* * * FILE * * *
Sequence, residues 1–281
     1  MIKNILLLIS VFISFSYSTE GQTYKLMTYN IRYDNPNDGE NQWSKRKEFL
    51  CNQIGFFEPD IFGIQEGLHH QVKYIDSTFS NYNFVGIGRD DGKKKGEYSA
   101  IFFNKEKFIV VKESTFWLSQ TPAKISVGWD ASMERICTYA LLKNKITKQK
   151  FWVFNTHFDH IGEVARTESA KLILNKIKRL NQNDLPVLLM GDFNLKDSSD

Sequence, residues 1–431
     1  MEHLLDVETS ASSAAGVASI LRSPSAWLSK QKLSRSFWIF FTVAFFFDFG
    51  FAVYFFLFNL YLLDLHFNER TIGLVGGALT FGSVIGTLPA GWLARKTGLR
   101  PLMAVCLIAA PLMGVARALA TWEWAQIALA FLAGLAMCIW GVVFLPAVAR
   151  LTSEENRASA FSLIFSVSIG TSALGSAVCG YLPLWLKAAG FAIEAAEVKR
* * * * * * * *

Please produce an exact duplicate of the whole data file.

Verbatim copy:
Sequence, residues 1–281
     1  MIKNILLLIS VFISFSYSTE GQTYKLMTYN IRYDNPNDGE NQWSKRKEFL
    51  CNQIGFFEPD IFGIQEGLHH QVKYIDSTFS NYNFVGIGRD DGKKKGEYSA
   101  IFFNKEKFIV VKESTFWLSQ TPAKISVGWD ASMERICTYA LLKNKITKQK
   151  FWVFNTHFDH IGEVARTESA KLILNKIKRL NQNDLPVLLM GDFNLKDSSD

Sequence, residues 1–431
     1  MEHLLDVETS ASSAAGVASI LRSPSAWLSK QKLSRSFWIF FTVAFFFDFG
    51  FAVYFFLFNL YLLDLHFNER TIGLVGGALT FGSVIGTLPA GWLARKTGLR
   101  PLMAVCLIAA PLMGVARALA TWEWAQIALA FLAGLAMCIW GVVFLPAVAR
   151  LTSEENRASA FSLIFSVSIG TSALGSAVCG YLPLWLKAAG FAIEAAEVKR